When Ms. Robertson heard that we are with Ms. Margaret W. Wong, she told us how her church worked with four other churches to assist a Vietnamese refugee family back in the late 1970's. She told us that it was her job to help them so that they could eventually function on their own so the morning after they arrived she visited them taking a book of pictures that she used to help communicate. To get her new friends used to the Cleveland area, she took them shopping for clothes via a bus. All told, she got a lot out of her relationship with the family which has now prospered.
After dinner we were entertained by young dancers from the Urquart School of Scottish Dance under the direction of Ms. Christie Walsh. We particularly enjoyed a number that the smaller children did accompanied by a large Loch Ness Monster puppet.
Before we left, we spoke to Mr. Alex Murray about how he would characterize Scottish dancing. Mr. Murray thought for a moment and said that Irish Dancing was graceful comparable to the movements of a swan while the classic Scottish dances had been created by warriors to perform before they went to battle which made them tough to characterize. With that in mind, we believe that the Scottish dances that we saw had an unusual masculinity which was especially interesting.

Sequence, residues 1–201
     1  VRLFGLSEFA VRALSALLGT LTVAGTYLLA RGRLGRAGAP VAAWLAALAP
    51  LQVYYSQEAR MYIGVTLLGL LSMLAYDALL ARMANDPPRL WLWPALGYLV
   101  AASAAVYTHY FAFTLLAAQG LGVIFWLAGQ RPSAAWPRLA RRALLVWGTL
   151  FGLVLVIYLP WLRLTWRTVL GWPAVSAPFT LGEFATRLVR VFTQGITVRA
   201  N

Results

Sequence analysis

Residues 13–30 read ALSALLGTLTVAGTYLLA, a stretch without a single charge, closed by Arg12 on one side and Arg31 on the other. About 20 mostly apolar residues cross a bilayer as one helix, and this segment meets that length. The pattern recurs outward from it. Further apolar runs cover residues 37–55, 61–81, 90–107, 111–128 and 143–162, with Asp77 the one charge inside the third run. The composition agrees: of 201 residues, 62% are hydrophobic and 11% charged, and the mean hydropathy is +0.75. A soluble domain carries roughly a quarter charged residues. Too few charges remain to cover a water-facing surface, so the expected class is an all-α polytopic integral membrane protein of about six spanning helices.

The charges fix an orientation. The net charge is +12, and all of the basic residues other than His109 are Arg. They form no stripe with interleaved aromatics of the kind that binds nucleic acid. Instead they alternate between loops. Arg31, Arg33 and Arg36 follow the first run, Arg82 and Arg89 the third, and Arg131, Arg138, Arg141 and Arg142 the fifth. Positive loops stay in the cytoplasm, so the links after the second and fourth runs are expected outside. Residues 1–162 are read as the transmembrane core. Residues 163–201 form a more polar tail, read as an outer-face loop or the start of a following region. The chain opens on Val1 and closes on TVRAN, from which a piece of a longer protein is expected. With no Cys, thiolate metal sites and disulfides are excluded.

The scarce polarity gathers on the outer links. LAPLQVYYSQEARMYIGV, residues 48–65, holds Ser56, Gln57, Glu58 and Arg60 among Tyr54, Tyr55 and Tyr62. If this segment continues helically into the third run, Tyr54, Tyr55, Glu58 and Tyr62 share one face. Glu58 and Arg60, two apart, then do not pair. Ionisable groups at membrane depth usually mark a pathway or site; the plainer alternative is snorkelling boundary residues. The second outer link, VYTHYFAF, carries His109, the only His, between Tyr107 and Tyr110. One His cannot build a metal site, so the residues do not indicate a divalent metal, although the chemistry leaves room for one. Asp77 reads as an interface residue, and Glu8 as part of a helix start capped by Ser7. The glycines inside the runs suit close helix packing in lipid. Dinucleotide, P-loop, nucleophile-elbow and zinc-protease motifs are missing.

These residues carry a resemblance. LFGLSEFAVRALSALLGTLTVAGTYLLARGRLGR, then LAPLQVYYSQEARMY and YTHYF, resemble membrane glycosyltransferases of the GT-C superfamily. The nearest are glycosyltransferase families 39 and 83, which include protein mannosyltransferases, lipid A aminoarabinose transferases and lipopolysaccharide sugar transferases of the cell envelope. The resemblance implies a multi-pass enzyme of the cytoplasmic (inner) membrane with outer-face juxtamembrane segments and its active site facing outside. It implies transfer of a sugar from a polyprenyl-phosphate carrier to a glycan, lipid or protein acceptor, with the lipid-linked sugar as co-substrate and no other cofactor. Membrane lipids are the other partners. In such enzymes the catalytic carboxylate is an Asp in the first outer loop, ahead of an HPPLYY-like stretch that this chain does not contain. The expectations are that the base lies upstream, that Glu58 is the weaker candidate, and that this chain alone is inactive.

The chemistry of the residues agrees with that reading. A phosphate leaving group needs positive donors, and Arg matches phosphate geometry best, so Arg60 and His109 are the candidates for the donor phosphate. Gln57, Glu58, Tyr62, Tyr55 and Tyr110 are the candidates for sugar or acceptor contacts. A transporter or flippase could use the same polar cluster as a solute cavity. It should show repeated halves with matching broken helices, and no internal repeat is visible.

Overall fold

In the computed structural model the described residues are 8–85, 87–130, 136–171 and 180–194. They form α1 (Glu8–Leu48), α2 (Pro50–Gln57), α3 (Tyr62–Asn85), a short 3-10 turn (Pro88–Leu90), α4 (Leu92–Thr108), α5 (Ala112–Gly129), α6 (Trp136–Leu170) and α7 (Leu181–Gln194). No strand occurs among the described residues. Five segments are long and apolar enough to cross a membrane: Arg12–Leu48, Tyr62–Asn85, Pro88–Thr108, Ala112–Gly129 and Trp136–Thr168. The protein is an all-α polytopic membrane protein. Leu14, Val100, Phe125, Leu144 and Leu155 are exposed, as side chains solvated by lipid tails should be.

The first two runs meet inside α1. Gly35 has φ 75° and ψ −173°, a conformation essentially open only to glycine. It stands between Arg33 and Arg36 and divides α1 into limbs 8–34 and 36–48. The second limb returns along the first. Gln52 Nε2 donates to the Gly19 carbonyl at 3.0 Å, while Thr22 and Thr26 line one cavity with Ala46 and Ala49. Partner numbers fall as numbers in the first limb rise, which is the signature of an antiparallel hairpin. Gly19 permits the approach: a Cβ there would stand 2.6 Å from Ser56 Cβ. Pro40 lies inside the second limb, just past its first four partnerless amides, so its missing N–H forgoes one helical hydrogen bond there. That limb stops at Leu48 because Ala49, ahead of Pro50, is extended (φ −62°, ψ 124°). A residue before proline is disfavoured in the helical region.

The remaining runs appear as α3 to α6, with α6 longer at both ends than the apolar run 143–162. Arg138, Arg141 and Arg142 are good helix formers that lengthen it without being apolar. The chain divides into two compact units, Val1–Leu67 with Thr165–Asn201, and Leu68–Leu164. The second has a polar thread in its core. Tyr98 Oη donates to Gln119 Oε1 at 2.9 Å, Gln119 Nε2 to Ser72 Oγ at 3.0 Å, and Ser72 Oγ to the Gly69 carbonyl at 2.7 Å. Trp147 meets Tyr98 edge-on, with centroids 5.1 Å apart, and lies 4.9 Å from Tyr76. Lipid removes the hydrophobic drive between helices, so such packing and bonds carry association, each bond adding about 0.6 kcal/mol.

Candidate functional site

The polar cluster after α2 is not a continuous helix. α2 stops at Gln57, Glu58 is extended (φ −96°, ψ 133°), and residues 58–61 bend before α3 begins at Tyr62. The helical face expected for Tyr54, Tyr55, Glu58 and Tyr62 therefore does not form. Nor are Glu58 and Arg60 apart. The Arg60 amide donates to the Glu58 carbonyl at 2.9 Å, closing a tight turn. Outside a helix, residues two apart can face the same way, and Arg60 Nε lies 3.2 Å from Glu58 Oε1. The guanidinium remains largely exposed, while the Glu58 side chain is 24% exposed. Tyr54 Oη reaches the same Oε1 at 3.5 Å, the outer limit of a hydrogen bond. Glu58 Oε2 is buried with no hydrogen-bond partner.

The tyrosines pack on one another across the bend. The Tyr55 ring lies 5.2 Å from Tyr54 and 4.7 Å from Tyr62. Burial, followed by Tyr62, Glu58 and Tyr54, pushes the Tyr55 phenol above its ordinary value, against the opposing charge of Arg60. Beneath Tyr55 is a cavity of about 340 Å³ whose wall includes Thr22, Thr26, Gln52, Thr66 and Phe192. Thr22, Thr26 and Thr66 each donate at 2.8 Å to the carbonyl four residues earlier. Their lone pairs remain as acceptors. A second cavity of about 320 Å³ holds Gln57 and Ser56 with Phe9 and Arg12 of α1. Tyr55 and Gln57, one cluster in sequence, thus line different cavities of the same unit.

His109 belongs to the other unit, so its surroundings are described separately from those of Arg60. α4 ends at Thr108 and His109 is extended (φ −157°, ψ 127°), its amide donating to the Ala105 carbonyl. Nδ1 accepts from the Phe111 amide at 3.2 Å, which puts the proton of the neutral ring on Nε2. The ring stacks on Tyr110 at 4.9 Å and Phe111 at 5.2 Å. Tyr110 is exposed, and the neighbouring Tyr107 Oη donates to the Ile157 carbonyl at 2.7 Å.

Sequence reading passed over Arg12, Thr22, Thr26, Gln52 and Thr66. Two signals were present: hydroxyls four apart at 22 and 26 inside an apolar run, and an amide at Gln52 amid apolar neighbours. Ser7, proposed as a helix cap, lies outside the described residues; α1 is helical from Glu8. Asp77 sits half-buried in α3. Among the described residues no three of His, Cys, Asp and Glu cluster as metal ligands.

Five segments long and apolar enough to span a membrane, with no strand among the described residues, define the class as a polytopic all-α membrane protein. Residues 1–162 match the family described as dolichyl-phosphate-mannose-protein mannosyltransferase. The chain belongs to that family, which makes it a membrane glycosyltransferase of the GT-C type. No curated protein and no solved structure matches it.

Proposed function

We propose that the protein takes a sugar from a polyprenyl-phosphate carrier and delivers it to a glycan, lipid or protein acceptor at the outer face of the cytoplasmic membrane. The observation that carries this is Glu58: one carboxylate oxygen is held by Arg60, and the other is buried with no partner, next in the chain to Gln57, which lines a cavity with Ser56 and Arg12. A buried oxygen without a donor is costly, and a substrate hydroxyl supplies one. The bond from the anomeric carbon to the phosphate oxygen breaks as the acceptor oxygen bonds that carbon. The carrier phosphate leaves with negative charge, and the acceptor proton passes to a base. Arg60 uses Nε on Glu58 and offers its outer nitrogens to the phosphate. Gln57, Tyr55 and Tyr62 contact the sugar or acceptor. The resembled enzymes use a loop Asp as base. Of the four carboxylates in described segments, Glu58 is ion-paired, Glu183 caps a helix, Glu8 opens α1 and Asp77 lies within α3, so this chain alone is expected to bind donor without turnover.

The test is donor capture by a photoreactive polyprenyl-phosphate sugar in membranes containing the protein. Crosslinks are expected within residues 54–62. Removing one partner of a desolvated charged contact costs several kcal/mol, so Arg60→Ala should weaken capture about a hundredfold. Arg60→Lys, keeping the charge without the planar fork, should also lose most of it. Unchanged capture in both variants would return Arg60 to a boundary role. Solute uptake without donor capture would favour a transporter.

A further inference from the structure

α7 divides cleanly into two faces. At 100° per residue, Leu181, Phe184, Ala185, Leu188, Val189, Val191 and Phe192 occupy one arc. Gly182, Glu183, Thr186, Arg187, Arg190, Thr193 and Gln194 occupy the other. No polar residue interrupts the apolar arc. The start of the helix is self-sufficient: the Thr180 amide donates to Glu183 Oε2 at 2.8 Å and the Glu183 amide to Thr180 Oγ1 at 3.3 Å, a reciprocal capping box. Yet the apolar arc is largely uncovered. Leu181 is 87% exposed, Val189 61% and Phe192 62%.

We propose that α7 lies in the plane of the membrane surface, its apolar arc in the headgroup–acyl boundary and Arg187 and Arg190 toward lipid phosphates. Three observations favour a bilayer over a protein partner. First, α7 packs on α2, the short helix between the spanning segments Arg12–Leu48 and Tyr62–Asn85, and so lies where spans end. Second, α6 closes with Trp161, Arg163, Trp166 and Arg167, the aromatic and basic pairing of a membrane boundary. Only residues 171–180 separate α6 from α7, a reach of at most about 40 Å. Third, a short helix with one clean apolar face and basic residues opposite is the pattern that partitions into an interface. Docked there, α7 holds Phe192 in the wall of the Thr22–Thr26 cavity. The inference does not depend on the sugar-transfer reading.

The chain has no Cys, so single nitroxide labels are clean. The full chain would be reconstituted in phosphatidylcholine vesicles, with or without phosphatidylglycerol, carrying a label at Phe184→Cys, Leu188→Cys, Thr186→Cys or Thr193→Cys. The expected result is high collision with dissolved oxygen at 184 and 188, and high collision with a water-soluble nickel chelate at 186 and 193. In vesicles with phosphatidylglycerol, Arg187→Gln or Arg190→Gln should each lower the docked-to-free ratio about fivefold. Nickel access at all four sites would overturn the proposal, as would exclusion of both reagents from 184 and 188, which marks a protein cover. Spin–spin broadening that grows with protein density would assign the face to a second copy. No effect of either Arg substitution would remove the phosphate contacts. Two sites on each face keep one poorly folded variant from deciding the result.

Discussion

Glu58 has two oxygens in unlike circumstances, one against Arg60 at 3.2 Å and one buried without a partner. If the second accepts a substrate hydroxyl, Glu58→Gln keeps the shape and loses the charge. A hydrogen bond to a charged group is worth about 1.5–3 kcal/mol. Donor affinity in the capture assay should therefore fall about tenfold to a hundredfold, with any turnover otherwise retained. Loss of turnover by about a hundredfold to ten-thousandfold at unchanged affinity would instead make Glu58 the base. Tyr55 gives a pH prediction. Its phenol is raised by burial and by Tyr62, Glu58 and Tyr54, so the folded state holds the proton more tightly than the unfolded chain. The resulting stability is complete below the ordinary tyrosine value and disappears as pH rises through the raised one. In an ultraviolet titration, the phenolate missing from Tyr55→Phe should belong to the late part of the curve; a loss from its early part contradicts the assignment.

On the next day, which was Saturday, December 5th, we drove over to the Cleveland-Bratislava Sister Cities Christmas party at St. Joseph's Byzantine Catholic Church on Brecksville Road. We enjoyed eating an early Christmas pot luck dinner and listening to the Harmonia Band perform American and Slovakian holiday songs.
We also spoke to Ms. Deborah Klucho who used to work for a firm called Logos (no longer in business) that employed scientists from all over the world. She told us that several times Logos worked with Ms. Margaret W. Wong on the immigration procedures.
This was the third year that we have attended this annual event and we always enjoy talking to Ms. Ann Tilisky who was born in the United States but raised in the Slovak culture. On this day, Ms. Tilisky talked to us about the Slovak Christmas tradition.
On Christmas eve her family would always stay home and have dinner together. The main course was usually fish but they always included in the menu a soup that contained some things that were bitter, some things that were sour, and some things that were sweet just like life. Also part of the meal was "opekance" which were small pieces of dough with poppy seed and honey. Then her family would go to midnight mass (which usually lasted an hour and a half) at Benedictine Abbey.